People who don’t like the fact that The Mavericks don’t fit neatly into the country music genre should blame AM radio.
Conversely, people who like The Mavericks’ genre-bending music should thank AM radio.
Raul Malo, lead singer of The Mavericks, certainly does.
“Growing up in Miami, I spent a lot of time with my grandparents, and my grandfather always had the AM radio on, which was cool, because the very same station would play Frank Sinatra, followed by The Beatles, or Patsy Cline,” said Malo, 48. “It was a really important way to be able to listen to music, because you listened without prejudice and got to hear so many styles.”
Plus, if he just listened to the local rock station, or the hits station, he never would have heard Sinatra.
“I mean, who’s better than Frank Sinatra? Compared to him, everyone else sounds like children,” Malo said.
Malo and The Mavericks bring their distinctive take on music to Portland’s State Theatre Friday, as part of the band’s 25th-anniversary tour.
The Mavericks first hit the Billboard country charts in the early 1990s, though they were different enough to rile some hard-core country fans. The band’s success helped fuel an “alternative country” scene.
The band’s sound includes hints of Tex-Mex music, old rock and roll and ’60s pop, plus country.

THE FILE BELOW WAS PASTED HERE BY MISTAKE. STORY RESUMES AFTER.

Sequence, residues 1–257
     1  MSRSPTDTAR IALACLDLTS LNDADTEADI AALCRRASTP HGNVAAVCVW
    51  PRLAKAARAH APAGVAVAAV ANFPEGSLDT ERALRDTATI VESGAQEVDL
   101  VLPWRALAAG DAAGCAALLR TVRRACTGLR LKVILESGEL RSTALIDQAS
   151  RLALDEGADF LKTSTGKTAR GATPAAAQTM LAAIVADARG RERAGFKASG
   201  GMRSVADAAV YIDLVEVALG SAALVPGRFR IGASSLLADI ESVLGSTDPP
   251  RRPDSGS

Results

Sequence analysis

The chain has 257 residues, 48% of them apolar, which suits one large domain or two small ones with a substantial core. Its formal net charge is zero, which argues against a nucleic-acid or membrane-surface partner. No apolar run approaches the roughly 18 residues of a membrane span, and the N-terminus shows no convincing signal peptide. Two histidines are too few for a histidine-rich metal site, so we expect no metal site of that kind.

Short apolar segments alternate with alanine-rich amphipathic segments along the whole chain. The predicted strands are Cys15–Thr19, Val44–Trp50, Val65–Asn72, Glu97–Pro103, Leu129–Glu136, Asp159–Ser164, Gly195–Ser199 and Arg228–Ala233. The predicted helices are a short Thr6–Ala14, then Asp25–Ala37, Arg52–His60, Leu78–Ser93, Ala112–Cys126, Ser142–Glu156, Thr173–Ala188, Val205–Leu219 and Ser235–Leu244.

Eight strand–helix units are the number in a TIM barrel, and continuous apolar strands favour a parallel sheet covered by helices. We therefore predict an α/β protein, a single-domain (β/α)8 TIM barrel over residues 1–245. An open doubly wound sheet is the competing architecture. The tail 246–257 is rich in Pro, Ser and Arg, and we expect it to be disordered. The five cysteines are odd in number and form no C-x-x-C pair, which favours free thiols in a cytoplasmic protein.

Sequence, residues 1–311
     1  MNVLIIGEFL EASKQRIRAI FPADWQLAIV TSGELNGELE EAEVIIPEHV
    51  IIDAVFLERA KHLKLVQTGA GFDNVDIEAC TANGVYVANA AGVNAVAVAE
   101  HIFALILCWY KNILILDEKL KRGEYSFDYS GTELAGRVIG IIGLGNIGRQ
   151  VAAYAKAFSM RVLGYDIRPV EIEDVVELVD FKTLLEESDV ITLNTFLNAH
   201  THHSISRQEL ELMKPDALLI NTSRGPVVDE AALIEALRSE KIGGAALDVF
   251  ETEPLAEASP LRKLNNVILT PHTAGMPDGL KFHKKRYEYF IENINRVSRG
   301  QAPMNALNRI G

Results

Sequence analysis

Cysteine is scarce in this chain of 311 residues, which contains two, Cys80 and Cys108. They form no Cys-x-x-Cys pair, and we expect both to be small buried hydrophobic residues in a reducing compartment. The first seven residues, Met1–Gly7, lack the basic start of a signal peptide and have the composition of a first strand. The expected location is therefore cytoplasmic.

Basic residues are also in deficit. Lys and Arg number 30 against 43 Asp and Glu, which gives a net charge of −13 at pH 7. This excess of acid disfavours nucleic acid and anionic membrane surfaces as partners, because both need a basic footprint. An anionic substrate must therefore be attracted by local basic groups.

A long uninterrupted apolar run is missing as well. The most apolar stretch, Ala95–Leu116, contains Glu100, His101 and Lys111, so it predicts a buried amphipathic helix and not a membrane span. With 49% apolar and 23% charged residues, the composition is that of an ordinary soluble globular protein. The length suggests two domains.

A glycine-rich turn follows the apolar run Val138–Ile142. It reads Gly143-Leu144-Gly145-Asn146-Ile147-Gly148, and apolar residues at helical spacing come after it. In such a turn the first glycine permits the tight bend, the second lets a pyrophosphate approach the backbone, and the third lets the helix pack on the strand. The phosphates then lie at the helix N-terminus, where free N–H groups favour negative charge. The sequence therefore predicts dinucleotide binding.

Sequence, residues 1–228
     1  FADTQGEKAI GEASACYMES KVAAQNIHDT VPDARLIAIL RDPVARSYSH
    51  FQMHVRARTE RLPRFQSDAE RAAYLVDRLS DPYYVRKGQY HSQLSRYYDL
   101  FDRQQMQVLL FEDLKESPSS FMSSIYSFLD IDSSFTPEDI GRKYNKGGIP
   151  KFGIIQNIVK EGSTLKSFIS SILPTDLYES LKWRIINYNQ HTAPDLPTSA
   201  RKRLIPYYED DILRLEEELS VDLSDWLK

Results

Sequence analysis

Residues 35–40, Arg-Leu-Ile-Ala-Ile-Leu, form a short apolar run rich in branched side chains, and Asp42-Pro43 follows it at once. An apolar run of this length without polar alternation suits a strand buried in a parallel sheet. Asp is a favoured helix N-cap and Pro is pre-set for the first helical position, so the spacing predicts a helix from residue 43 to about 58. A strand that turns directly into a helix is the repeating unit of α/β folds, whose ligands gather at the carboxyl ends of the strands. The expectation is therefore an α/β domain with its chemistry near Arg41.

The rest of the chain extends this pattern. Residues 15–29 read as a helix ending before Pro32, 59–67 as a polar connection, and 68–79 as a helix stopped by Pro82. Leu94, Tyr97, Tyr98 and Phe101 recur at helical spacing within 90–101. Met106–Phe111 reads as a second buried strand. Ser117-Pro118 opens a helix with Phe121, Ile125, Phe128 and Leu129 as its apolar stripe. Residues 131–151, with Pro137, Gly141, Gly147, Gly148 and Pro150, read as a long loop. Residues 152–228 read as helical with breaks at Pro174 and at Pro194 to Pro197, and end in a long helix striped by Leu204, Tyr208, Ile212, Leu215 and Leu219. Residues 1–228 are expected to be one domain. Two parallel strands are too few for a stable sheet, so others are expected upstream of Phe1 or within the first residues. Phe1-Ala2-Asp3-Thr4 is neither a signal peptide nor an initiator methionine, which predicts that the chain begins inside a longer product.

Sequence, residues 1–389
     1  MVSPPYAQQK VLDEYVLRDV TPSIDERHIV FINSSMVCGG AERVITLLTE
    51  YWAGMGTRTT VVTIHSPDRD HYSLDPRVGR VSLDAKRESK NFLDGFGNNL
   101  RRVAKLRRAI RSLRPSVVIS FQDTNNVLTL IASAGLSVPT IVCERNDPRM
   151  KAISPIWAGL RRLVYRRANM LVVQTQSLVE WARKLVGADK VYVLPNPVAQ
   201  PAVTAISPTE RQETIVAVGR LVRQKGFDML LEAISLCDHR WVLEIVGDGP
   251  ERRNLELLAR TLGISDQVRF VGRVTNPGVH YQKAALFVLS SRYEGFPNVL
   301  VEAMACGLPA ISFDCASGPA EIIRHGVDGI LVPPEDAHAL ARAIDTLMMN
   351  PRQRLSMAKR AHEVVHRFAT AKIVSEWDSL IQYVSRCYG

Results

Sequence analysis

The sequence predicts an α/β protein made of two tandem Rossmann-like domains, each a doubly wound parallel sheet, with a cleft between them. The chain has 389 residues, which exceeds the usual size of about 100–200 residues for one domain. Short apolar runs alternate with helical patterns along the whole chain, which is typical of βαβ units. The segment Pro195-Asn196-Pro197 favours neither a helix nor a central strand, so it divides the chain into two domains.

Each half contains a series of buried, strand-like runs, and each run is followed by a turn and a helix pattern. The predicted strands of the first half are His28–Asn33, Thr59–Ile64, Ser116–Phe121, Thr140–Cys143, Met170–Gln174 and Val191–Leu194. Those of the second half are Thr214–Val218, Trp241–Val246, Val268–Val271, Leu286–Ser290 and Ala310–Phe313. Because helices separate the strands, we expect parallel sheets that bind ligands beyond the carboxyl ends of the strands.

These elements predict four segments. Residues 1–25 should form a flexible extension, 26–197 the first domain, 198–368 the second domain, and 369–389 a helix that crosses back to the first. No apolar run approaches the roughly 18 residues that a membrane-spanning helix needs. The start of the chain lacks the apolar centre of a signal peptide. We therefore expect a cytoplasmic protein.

The band landed 14 songs on the Billboard country charts. Band members decided to split and work on solo projects, beginning in 2004, but reunited in 2012.
Malo said, for his part, he wanted to reunite because every time he wrote a song for a solo record he thought “This would be a great Mavericks song.”
“I think I just missed making music with those guys,” said Malo.
The band reunited, started touring and released the album “In Time” in 2013. The album got rave reviews from critics and was seen by many as a continuation of The Mavericks’ sound.
If you listen closely to the songs you can hear the AM radio influence Malo talks about.
“Back in Your Arms Again” has a Buck Owens guitar twang but with Malo’s voice sounding more like Marty Robbins. “Born to Be Blue” has a sort of Roy Orbison feel to it.
Malo said that as a youngster, the first musician he heard that made him really take notice was Elvis Presley, but not doing a rock song.
“I heard ‘It’s Now or Never’ and it blew my mind, I mean, that was a really serious record,” said Malo.
Malo said The Mavericks “sort of evolved” into a country band because they liked to play so many different styles and because critics always need to affix a label to a band.
So when they were starting out, in Miami, the old country tunes they played got them a lot of attention.
“In Miami, if you had a Telecaster (guitar) and played a Buck Owens song, you were an outcast,” said Malo.
Owens himself was an outcast for a while, playing music that was twangy and raw when Nashville was turning out songs with strings and lots of production. Malo and The Mavericks found Owens a kindred spirit, and visited him any time they went to Owens’ hometown of Bakersfield, California. Owens died in 2006.
“He had been through it, he knew what it was like to not quite fit into other people’s ideas of the music,” said Malo. “He always told us ‘keep your head down and keep going.’ And that’s what we do.”
Staff Writer Ray Routhier can be contacted at 791-6454 or at: